Edit desk: The art of finding yourself

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Massiel Checo

Writing has always a been passion of mine. I can’t begin to explain how many journals and diaries I’ve gone through. There was always something so meticulous about pairing words together to create a body of text that evoked curiosity in me.

While other kids dreamt of being doctors and lawyers, I knew I wanted to write. Becoming an author was my aspiration. I wanted to write books that would provide the euphoria of reading to others.

As I got older, however, writing essays became more difficult. I would struggle to read and examine literary works and my obsession with books died down. Writing was still a hobby, but I was more open to new possibilities, new ideas and new futures.

Then came the summer before my junior year of high school. My high school registered me in “College Now,” a program in New York City where high school students from all four boroughs enroll in in college-level classes at participating institutions nearest to them. The program focuses on helping students obtain college credit and finding their major interests before they enter college.

Being a Bronx native, I attended Lehman College three times a week during the fall, spring and summer semesters. From English to stage production to law, I took classes in a variety of subjects. It wasn’t until the summer before my senior year of high school that I discovered what I truly enjoyed.

During that summer, I enrolled in a journalism class that taught me the basics of reporting, including how to format an article and how to quote people. At the start of each week we were put into pairs, given different topics and sent out to the streets to interview people. Each article was due that following Friday.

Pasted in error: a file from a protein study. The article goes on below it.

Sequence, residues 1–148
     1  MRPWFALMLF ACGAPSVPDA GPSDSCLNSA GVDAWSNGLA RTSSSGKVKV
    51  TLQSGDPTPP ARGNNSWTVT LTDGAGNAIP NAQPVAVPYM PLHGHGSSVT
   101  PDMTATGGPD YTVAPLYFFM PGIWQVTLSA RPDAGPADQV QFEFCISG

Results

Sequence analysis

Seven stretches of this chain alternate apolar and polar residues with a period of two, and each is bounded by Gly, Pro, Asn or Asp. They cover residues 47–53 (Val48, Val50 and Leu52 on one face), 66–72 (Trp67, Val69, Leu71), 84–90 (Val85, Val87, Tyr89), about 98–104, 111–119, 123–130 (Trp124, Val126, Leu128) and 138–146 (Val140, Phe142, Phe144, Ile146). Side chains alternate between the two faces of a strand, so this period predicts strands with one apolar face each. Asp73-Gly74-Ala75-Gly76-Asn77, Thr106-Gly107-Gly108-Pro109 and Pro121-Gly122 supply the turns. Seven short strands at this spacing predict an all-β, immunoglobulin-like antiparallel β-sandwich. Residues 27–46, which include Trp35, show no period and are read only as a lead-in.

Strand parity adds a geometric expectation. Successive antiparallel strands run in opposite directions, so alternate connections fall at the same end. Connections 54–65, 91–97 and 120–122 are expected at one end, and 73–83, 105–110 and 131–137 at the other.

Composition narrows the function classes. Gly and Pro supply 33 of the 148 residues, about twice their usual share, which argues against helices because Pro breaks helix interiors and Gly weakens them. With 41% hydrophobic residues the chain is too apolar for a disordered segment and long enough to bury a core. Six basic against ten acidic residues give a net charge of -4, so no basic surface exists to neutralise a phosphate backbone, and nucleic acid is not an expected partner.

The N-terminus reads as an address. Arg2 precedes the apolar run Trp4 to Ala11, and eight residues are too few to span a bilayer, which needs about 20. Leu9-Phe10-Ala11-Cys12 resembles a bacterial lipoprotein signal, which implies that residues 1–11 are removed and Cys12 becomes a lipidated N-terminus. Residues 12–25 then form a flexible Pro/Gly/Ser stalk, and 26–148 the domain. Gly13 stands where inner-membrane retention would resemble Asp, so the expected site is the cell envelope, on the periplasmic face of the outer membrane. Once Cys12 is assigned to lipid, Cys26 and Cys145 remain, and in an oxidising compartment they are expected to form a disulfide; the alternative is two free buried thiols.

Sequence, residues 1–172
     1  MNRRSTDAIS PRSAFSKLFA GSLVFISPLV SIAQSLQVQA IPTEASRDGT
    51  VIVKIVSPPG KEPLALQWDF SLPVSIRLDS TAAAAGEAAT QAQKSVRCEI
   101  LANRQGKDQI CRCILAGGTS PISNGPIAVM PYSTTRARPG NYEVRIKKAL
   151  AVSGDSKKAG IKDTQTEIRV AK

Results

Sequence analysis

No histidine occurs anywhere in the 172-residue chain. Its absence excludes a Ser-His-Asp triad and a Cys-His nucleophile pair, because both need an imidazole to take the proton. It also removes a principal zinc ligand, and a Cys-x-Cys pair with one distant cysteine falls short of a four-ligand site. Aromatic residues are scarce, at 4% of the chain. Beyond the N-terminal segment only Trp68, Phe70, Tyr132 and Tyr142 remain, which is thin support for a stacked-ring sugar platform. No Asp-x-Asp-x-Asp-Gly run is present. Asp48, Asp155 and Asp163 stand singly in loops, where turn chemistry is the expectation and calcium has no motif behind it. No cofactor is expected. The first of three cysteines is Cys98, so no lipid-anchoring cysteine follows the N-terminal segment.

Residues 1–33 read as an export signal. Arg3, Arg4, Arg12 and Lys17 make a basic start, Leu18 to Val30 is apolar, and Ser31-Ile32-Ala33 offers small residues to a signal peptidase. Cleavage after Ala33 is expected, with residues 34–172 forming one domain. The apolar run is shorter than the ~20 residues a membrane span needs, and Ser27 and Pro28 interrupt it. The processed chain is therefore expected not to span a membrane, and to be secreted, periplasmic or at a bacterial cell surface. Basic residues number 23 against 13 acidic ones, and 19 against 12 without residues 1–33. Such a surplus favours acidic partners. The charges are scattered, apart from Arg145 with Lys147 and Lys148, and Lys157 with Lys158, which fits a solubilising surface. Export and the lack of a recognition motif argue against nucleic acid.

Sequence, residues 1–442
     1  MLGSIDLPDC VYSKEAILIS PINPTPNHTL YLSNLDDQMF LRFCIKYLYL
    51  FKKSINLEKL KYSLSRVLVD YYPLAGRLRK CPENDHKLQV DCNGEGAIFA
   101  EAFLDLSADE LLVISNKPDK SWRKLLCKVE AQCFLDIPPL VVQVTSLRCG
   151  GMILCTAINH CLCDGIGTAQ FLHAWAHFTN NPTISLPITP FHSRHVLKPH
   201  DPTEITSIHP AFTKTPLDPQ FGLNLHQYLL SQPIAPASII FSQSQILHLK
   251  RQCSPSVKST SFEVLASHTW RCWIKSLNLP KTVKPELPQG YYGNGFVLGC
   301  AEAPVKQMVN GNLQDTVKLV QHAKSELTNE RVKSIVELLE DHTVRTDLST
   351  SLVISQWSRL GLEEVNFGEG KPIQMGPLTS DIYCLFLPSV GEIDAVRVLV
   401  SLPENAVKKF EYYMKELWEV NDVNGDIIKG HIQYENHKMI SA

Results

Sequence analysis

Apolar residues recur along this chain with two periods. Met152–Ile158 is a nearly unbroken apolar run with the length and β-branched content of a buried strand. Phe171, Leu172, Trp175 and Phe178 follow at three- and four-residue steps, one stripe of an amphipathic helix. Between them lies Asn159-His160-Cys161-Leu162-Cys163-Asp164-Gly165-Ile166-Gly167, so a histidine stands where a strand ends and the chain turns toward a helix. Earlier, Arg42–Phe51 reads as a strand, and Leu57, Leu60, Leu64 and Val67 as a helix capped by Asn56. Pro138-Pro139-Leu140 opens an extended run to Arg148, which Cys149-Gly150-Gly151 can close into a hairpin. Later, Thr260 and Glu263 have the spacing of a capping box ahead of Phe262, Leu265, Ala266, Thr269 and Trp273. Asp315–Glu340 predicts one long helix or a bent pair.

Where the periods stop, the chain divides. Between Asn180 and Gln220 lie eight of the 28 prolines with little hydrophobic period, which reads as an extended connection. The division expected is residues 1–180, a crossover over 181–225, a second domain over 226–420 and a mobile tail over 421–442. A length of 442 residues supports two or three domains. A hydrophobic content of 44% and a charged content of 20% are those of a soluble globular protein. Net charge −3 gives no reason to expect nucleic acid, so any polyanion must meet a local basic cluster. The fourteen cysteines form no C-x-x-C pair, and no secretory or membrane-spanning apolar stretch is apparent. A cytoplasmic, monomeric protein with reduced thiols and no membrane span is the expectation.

While most of my reporting partners were shy and vaguely interested, I found myself taking on the challenge. I’ve always been outgoing, so talking to people and getting their stories and viewpoints came easily.

My love for journalism sparked when I noticed how most people I interviewed were more than eager to participate. When you ask people to share what they think, it gives them a sense of empowerment and importance — a chance to speak, be heard, and know that what they say matters.

To me, this was beautiful. Not only did I love reporting and talking to people, but I also loved writing articles and putting them up for display by the end of the week.

Flash forward to present day: I’m a Lehigh junior who’s been studying journalism since the moment I stepped foot on campus in fall 2016.

Finding yourself doesn’t always come easy.

For years I aspired to become a best-selling author, but only after I explored did I realize I didn’t enjoy English as much as I thought I did. Instead, I preferred sharing people’s stories and opinions in real time.

My love for writing is just one example of what makes up my identity. Not one thing about me is standard — my identity has been shaped and formed by who I am as a person, what I like, the experiences I’ve had and how I’ve chosen to try new things.  

Finding who you are takes trial and error, especially in college where students have to make a plethora of life-changing decisions. The struggle of finding oneself is far from being a mediocre one.

Too often I catch up with a friend and they tell me, “I’m just so confused with what I want to do and who I am.” It’s important to remember that your identity isn’t set in stone. It’s OK to dabble, it’s OK to fail, it’s OK to explore and break away from what you once thought was right for you.

As long as you stick true to who you are, you will master the art of finding yourself.

Massiel Checo, ’20, is an assistant news editor for The Brown and White. She can be reached at [email protected]

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